Making miracles happen
Doctors told Tamara Fisher it was a miracle that her daughter, Evanne, diagnosed with a non-functioning heart, was even born on Oct. 2, 2004.
They had also told the single mother that due to her daughter’s rare heart defects, she should terminate her pregnancy when she was four-and-a-half-months along. Later on, after Evanne’s month-old body was struggling to survive experimental heart surgery, the surgeon told Tamara that procedure had been a mistake.
Tamara knew her unborn child’s chance at life hinged on a heart transplant. She turned to the David Foster Foundation, providers of financial assistance for families whose children are in need of life-saving organ transplants. Tamara had the foundation backing her and her choice.
“They take you on as a part of their foundation and family, but they’ve also got the business aspect of it and they’re able to separate the two,” Tamara said. “At your time of need, it’s perfect for you, because you need someone to empathize with you, but also take control of the situation.”
The foundation arranged for Tamara’s travel and accommodations to Toronto where Evanne was treated at the Hospital for Sick Children.
But despite the resources available, her initial surgery left Evanne’s body too weak to receive a heart transplant, should one have become available. When Tamara learned of her daughter’s health status, she sat by Evanne’s bedside and spoke to the heavily medicated infant, IV lines attached to her head and hands.
“I looked at her and said: ‘If you need to let go, let go. I’m sorry.’ I really felt selfish at that point for having her go through all that. To ask her to keep fighting, I felt really selfish.”
Within 24 hours Evanne began to grow stronger and within another 24, Tamara got the call. A donor heart was available.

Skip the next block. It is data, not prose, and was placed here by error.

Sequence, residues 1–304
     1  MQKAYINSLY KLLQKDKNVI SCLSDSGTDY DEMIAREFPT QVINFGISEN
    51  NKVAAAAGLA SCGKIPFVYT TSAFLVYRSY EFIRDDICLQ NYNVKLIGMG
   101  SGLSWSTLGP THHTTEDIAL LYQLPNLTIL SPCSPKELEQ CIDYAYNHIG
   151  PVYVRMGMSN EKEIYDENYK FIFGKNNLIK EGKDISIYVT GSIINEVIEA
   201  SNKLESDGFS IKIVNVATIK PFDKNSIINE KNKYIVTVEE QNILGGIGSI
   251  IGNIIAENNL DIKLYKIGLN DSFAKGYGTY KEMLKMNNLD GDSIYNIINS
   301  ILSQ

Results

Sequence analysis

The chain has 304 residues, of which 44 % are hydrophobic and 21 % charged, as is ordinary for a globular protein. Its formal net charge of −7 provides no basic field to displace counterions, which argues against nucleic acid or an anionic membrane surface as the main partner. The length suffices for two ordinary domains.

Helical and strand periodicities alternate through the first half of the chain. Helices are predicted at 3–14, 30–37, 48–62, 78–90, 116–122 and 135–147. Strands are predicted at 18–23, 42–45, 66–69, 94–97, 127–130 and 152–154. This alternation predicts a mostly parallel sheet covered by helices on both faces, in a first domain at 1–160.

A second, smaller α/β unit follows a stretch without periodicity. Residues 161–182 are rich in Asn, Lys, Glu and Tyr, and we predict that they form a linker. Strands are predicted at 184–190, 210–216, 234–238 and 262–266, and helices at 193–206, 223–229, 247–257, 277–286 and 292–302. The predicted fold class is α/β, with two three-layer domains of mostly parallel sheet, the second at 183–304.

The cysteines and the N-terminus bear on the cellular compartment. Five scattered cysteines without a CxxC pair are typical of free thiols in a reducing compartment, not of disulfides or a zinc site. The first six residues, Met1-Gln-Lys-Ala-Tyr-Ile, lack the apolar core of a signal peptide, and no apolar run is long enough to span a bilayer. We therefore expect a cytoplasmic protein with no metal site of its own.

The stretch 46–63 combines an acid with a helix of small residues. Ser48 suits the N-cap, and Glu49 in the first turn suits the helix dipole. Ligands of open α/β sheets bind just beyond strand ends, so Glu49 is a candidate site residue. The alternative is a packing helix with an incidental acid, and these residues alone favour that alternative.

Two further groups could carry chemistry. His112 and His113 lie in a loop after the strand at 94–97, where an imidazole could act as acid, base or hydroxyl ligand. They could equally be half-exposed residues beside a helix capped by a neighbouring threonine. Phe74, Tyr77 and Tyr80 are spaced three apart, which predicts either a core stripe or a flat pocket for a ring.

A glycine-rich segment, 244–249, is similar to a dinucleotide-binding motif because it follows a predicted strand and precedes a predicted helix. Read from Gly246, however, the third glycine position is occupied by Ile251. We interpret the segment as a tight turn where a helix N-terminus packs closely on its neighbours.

“You want to be excited because the greatest moment and your dream has come true, but you know that a parent’s worst nightmare has just occurred. You walk down the hallway of critical care and the nurses are congratulating you and they’re smiling and happy, and inside you’re overjoyed, but to be excited seems wrong.”
On Nov. 9 doctors performed a successful heart transplant on Evanne. By the spring of 2005, Tamara and Evanne were able to return home to Greater Victoria.
Tamara gives full credit to the David Foster Foundation for the life that Evanne now enjoys as a healthy Grade 2 student at David Cameron elementary in Colwood.
The national charity, founded 25 years ago in Victoria by 16-time Grammy winner David Foster, continues to help cover the Fisher family travel expenses for follow-up care at B.C. Children’s Hospital in Vancouver.
“There’s no way that as a single mom, I would have been able to take myself from British Columbia to Toronto, while pregnant and support myself for eight months in downtown Toronto. When the doctors said ‘terminate’ that would have had to have been my option.”
The David Foster Foundation is hosting a star-studded “Miracle Weekend” of concerts and fundraising events from May 25 to 27 in support of families like the Fishers. It’s far from the foundation’s humble beginnings hosting celebrity softball games at Royal Athletic Park.
The Miracle Weekend encompasses two concerts, a gala dinner and an auction of high-profile trips and VIP packages to events such as the Grammys, the Indianapolis 500 and Celebrity Fight Night with Muhammad Ali.
Tickets for the Saturday (May 26) Miracle Concert, featuring performances by Sarah McLachlan, Josh Groban, Ruben Studdard, The Canadian Tenors, Kenny G and Sinbad, were available at 250-220-7777 or selectyourtickets.com.
Prices range from $125 to $250. All proceeds go to the David Foster Foundation. For more information see davidfostermiracleconcert.com.